Nope, I haven't tried it myself because I was having the opposite issue: Null values were showing up as nothing and I wanted zeros.  The IFNULL function worked fine for me (and it's better since it only requires your select statement to be run once):

    SELECT IFNULL((SELECT YOUR ORIGINAL STUFF HERE), 0)*1

    You could replace the 0 with empty quotes "" or anything else.

    I'm not actually sure what the *1 is for, and I've omitted it without any negative effects.

    Anyhow, IFNULL obviously doesn't help when you are getting zero and you would prefer nothing at all.

    It'd be nice if there was some kind of IFZERO function that did the same thing, but there is not, as far as I can find.

    The IF THEN ELSE could be the way to go, but even the docs don't make it clear if that would work (and even if it does, there's definitely a performance penalty since it has to run that query twice).

     

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    John Tolle

    And I just now found an even better way to handle nulls instead of using IFNULL.  This could also, in theory, handle zeros (by replacing them with nothing):

    Metric Format (a.k.a. Number Formatting)

    Something like this ensures that nulls get turned into zeros:

    #,##0;
    [=null]0

    Maybe this would work for your situation (turning zeros into nulls):

    #,##0;
    [=0]

    or maybe, if "nothing" isn't an option, just a period(.) is good enough:

    #,##0;
    [=0].

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    Jennifer Holmes

    @John

    the second option adding #,##0;[=0] to the number format worked perfectly.

    My colleagues will be pleased, thanks for the tip.

     

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    John Tolle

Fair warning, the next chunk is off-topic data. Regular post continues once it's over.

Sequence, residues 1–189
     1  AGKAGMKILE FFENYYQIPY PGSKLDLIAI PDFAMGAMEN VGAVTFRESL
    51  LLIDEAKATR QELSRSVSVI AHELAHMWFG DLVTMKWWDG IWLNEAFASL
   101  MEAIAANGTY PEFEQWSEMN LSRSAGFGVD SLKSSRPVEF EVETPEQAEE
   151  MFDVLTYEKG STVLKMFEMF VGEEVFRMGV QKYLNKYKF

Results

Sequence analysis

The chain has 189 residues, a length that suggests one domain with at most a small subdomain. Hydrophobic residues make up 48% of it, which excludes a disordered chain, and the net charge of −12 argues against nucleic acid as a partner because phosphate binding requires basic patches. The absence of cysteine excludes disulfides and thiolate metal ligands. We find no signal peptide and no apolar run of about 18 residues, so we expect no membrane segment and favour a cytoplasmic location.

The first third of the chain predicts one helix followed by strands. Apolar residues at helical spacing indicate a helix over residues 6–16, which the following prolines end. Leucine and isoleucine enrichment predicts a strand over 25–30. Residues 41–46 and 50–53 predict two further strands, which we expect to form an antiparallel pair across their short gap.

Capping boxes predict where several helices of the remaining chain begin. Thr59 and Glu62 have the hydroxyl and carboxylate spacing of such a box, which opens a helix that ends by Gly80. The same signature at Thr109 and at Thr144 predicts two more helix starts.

You're welcome, @Jennifer!  Sometimes it pays to just keep throwing darts... eventually one finally makes it to the dart board.  :)

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    Jennifer Holmes

    @ John I agree, I guess a lot of it comes down to having the time and patience to experiment.

    Since I'm here, the other thing that is driving us nuts at the moment is there not appearing to be a way of automatically align the numbers to the left of the field i.e.  under the column header. So far the only way we can figure to achieve this is to manually manipulate the column width but that seems very clunky.

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    John Tolle

    Short version: Just stick with manually changing the column width.

    Numbers are always right-justified (which is pretty standard) and I don't see any way to choose any other kind of justification or other positioning options.  I couldn't even figure out a cheat, such as adding spaces into the number formatting (they're ignored).  The best you could do is terrible: Add another character like underscores to push the number to the left, like this:

    #,##0_____;

    But that's just ugly.  HTML has a non-breaking space ( ) but that is treated as literal text and even pasting in non-breaking spaces from other websites, etc. doesn't work.

    The only real option you have is some kind of complex string manipulation in the custom MAQL SELECT statements, but I'm not sure of how to do that.

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    Jennifer Holmes

    @John Thanks for the advise I'll carry on just manually manipulating the fields. i just assumed I might be missing something simple.